The key element of this therapy is a relationship between the client and the therapist which enables the client to discover themselves within a safety net of that relationship. It is entirely client-centered, meaning that the therapist does not position themselves as an expert, but rather, it is the client who is the most competent is resolving their problems. By providing unconditional regard and empathy, the therapist provides the client with an opportunity to experience nearly perfect conditions for growth and becoming who they truly are.
A clinical psychologist is a person trained in, or at least, familiar with all major approaches to therapy. Additionally, they are also trained within systems/family therapy which deals with family and group dynamics.
What distinguishes a psychologist from other therapists is that they usually hold a doctorate. It is not a requirement for the therapist to have PhD.
Psychologist is trained within the clinical setting, such as hospitals. They can diagnose people with mental illness, whereas a therapist cannot.
Although many psychologists might possess their own private practice and engage in psychotherapy, many psychologists work within clinical settings whilst dealing with most severe cases of mental health illnesses.
4. Therapy vs Coaching
Whereas therapy focuses on modifying thoughts, behaviour, feelings and sense of identity - coaching focuses on growth and development. Coaching usually doesn’t deal with emotions/feelings or past issues and it is not focused on fixing or healing anything (although healing might arise as an unintentional byproduct of coaching. Some coaches (me included) engage in a more experimental approach which embraces the area of feelings, emotions and past experiences to some extent, but to a lesser extent than therapy.
There are various forms of coaching, just like there are many different types of therapy: there is executive coaching dealing with learning leadership and executive skills, career coaching which teaches skills necessary in finding one’s self in a new career, change of career or advancing in one’s current position; there is also life coaching which deals with more general/personal issues such as relationships, sense of self, goals or dreams, or finding one’s self in the world.
Each form of coaching focuses on the development of the specific set of skills necessary for achieving previously established goals. For example, someone might demonstrate all signs of lack of assertiveness which cause problems in many areas in their life, and so, the goal of the coaching program will be to build the client's ability to be assertive. Someone else might struggle with feeling stuck - the goal would be to get this person out of the rut.
Coaching usually isn’t really suitable for people with mental health problems, simply because we cannot teach a person to stop having a mental illness. There are, however, cases where breaking down mental health problems into manageable steps can be translated into goals. It can prove to be an effective way to cope with a mental health issue. However, in contrast to therapy, the goal will not be to cure or heal a client, but simply to support them in discovering their own skills, goals and abilities.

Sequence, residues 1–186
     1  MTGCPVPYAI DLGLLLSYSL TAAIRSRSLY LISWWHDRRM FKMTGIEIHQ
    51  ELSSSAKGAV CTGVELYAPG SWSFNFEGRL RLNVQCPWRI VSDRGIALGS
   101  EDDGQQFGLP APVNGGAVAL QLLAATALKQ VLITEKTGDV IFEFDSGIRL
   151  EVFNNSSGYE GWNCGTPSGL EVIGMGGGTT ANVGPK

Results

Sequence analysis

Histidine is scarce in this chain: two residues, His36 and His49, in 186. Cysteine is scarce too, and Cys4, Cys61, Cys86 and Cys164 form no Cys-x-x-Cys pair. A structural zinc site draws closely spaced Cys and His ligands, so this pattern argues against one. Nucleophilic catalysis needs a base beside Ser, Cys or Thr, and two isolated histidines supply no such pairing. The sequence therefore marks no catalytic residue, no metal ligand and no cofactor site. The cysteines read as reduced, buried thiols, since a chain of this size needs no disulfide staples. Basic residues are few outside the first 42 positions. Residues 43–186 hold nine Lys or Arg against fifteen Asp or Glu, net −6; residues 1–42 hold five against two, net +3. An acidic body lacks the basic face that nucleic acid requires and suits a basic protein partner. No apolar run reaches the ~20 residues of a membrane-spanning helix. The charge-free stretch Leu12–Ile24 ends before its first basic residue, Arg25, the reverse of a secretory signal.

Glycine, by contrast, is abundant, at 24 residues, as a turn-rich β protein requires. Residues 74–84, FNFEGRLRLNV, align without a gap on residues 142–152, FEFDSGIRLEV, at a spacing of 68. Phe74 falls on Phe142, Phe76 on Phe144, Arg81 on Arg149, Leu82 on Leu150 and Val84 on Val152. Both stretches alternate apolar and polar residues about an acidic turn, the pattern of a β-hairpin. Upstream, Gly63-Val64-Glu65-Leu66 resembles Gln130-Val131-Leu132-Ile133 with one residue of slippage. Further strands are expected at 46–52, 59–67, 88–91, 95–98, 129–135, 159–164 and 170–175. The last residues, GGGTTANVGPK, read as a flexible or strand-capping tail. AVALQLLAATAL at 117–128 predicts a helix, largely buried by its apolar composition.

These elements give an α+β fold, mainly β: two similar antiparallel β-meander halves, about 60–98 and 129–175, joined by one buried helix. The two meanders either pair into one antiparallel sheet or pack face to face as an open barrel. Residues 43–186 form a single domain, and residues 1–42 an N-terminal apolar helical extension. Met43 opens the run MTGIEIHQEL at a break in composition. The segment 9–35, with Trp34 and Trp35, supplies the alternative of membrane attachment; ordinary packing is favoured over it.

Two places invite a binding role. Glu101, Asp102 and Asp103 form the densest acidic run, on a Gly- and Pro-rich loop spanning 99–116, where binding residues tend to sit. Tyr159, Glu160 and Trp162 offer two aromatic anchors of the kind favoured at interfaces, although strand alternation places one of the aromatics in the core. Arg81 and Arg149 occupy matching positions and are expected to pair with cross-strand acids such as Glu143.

Just like there are many different approaches to therapy, so there are different approaches to coaching. Some coaches use just one specific approach within their practice (for instance, person-centred or psychodynamic approach), others aim to become proficient in using different theories and methods in their practice in order to be more responsive and adaptable to their client's needs. In order words, they might use different theories and methods at different times - whatever is appropriate at that moment.
Choosing the right approach will depend on many factors, such as personality style, budget, type of a problem and what we try to achieve. For example, someone very introverted and introspective might strongly benefit from psychoanalysis, whereas such approach could seem like a waste of time for someone proactive, extraverted and prioritising the environment over introspection. The second person could most likely benefit from CBT, whereas CBT might seem too shallow or too intensive for someone who is introverted. It’s not a rule, however, and each person can benefit from all approaches, as long as they are committed and prepared to make long lasting changes.
Money is an important aspect to consider as well. The prices vary across countries, so it’s difficult for me to estimate the actual cost of a session in different countries. In the UK, regardless of the form of therapy costs range between £40 and £100 per session. It is important to consider the length of the therapy. CBT usually doesn’t last longer than one year, whereas psychoanalysis might last 1 - 6 years, depends on the severity of a problem. Therefore, CBT has been widely accepted as a cost effect form of therapy due to its short duration. Many people might need only 3-6 months to get better. However, the very same people might often relapse into old behaviours after some time.
Psychoanalysis might also require bigger commitment - most therapy sessions is conducted once per week, whereas psychoanalysis might require 2-3 sessions per week. So it is something to think about before committing to psychoanalysis.
Regardless of the approach, each form of therapy provides us with an opportunity for self-discovery. It opens the door into forgotten parts of our mind and deepest emotions. Some people consider the therapy being only for those who are weak or possess some mental illness - but a desire to change is universal and there is nothing shameful in wanting heal ourselves. Some people choose to change on their own, other prefer to get help - since when reaching out for help is shameful or demonstrates a weakness?